It started as a hobby, but has grown into so much more. This is the story of Minnie’s, a local company offering sun-dried, locally farmed organic fruits and vegetables to Egyptian consumers.
For Menar Meebed, known to her family as Minnie, the inspiration for the business came from her grandson. Dismayed by the artificial and unhealthy ingredients in mass-produced supermarket junk food, she began offering him homemade dried apple slices. She soon realized other children, and adults, could benefit from healthier alternative snacks.
With experience in desert agriculture, Meebed had already been a hobby farmer since her retirement in the early 2000s. “Farming was always a passion of mine and I decided that I was not just going to sit and do nothing when I turned 60,” she said.
Meebed transformed a neglected rural family plot in Giza into a small farm, planting moloukhiya, mangoes and guavas. “It was not commercial at all; I was just planting for my family, my children and grandchildren and for friends,” she said.
In 2010, Meebad decided to expand her crop scheme into a small business. With that goal in mind, she headed to India for a training course in the village of Karala, near Delhi, to study advanced food-drying techniques.
“It is not just any food-drying technique that I wanted to learn; I was only interested in sun-drying techniques because I knew that those are the best to keep the food as natural as possible,” Meebed said. “It was a three-week course taught by a German engineer; he brought a new sun-drying technology to the villagers, who had their own traditional know-how on drying food; it was a brilliant course,” she added.
Meebed was so impressed by the German's sun-drying machine that she bought one for herself.
Once back in Egypt, Meebed decided that her business would be all-natural, all Egyptian and almost all done by village women.
“This meant I wouldn't use any imported fruits or vegetables, and that the work would be confined to the morning, as the women are too busy to work in the evening,” she said.
Within months of formally launching Minnie's in 2012, the company's products were finding their way to consumers, first through farmers’ markets in Zamalek and then online. “It was a success because my zero-sugar products appealed to the consumers who attended this farmers’ market,” she said.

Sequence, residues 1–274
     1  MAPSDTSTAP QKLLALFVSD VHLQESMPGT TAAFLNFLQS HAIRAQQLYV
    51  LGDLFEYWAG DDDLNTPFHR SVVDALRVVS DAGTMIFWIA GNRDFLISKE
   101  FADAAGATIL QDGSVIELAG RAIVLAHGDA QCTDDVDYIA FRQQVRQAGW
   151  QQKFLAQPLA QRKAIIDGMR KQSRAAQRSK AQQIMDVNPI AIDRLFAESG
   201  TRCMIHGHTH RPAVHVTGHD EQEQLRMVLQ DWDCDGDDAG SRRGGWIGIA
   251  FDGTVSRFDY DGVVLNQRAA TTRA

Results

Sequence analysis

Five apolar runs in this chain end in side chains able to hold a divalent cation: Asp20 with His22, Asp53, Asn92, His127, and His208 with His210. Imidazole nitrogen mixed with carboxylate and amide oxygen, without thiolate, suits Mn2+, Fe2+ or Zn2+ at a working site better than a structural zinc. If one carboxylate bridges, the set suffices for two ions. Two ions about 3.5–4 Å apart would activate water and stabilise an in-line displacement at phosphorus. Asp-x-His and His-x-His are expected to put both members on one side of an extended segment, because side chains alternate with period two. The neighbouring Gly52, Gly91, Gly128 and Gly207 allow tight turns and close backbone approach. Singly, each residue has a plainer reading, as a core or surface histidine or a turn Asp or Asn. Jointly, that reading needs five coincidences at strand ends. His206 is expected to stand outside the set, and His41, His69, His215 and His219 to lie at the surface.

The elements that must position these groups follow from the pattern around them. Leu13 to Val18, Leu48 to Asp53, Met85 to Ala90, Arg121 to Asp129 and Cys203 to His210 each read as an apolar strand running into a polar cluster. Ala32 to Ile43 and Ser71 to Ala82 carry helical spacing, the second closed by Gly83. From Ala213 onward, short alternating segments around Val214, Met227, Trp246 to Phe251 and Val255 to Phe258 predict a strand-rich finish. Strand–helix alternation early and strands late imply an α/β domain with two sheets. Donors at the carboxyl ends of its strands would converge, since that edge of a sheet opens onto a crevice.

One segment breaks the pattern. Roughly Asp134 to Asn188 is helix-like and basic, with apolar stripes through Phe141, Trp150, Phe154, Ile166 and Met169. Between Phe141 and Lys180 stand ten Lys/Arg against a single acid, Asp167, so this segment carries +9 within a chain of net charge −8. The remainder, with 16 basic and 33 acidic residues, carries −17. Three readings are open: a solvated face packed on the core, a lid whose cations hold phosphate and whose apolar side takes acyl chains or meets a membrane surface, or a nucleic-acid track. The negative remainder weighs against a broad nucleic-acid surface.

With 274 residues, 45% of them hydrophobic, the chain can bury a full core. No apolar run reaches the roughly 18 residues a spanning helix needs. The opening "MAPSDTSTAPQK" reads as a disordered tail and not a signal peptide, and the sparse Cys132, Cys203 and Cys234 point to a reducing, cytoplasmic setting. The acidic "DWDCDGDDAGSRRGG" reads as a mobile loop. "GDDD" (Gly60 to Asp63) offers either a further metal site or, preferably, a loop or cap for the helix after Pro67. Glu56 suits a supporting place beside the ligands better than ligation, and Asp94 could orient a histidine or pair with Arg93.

Meebed's products are more expensive than industrially-produced sweetened fruits, but attract a niche market of health-conscious Egyptian consumers.
While wary of partnering with larger businesses that could allow her business to expand fast, she is “very keen” to offer her fruit slices to children as “healthy and nutritious snacks” at schools.
With a workforce of no more than 12 people, mostly women, Meebed says that over the past decade, she has been able to expand her product range to include vegetable cubes used for soup, and all-natural vermicelli made from locally sourced maize and carrot flours.
The company is also now planning to launch bird food and dog food, at Minnie's usual high standards.
“Products that are sugar-free and with minimal gluten have been in higher demand as more people have become aware of health issues like gluten intolerance and pre-diabetes risks,” Meebed explained.
To promote healthy eating and the 'Slow Food' movement – focused on preserving local food culture – Meebed has been using the Minnie's website to publish traditional Egyptian recipes based on dried vegetables, which she notes have been part of the Egyptian culinary lexicon for ages.
Today, Meebed wants to make Minnie's products available to a wider market, beyond the affluent Egyptians who can currently afford them. “I genuinely believe that there must be a wider reach, but I am also determined to stay committed to the essence of my project, which is all-natural, all-local, all-sun-dried and all-women-made,” she said.